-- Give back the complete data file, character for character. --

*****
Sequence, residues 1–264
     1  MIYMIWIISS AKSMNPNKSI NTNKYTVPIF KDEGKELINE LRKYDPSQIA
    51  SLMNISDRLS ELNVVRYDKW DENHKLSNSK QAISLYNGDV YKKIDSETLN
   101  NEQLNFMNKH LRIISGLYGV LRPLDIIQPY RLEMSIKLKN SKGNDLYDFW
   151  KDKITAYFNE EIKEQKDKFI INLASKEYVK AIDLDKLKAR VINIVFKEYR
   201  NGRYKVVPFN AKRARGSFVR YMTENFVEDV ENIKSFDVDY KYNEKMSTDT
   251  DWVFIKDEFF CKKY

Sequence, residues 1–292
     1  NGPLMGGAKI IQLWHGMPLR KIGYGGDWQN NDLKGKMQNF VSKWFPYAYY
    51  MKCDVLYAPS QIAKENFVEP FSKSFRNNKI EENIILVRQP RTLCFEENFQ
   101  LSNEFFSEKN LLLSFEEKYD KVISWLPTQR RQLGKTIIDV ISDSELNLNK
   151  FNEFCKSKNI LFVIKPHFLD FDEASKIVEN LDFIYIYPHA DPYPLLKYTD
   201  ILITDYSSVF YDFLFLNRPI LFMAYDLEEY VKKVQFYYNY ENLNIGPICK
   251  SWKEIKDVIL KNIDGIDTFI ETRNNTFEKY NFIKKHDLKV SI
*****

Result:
Sequence, residues 1–264
     1  MIYMIWIISS AKSMNPNKSI NTNKYTVPIF KDEGKELINE LRKYDPSQIA
    51  SLMNISDRLS ELNVVRYDKW DENHKLSNSK QAISLYNGDV YKKIDSETLN
   101  NEQLNFMNKH LRIISGLYGV LRPLDIIQPY RLEMSIKLKN SKGNDLYDFW
   151  KDKITAYFNE EIKEQKDKFI INLASKEYVK AIDLDKLKAR VINIVFKEYR
   201  NGRYKVVPFN AKRARGSFVR YMTENFVEDV ENIKSFDVDY KYNEKMSTDT
   251  DWVFIKDEFF CKKY

Sequence, residues 1–292
     1  NGPLMGGAKI IQLWHGMPLR KIGYGGDWQN NDLKGKMQNF VSKWFPYAYY
    51  MKCDVLYAPS QIAKENFVEP FSKSFRNNKI EENIILVRQP RTLCFEENFQ
   101  LSNEFFSEKN LLLSFEEKYD KVISWLPTQR RQLGKTIIDV ISDSELNLNK
   151  FNEFCKSKNI LFVIKPHFLD FDEASKIVEN LDFIYIYPHA DPYPLLKYTD
   201  ILITDYSSVF YDFLFLNRPI LFMAYDLEEY VKKVQFYYNY ENLNIGPICK
   251  SWKEIKDVIL KNIDGIDTFI ETRNNTFEKY NFIKKHDLKV SI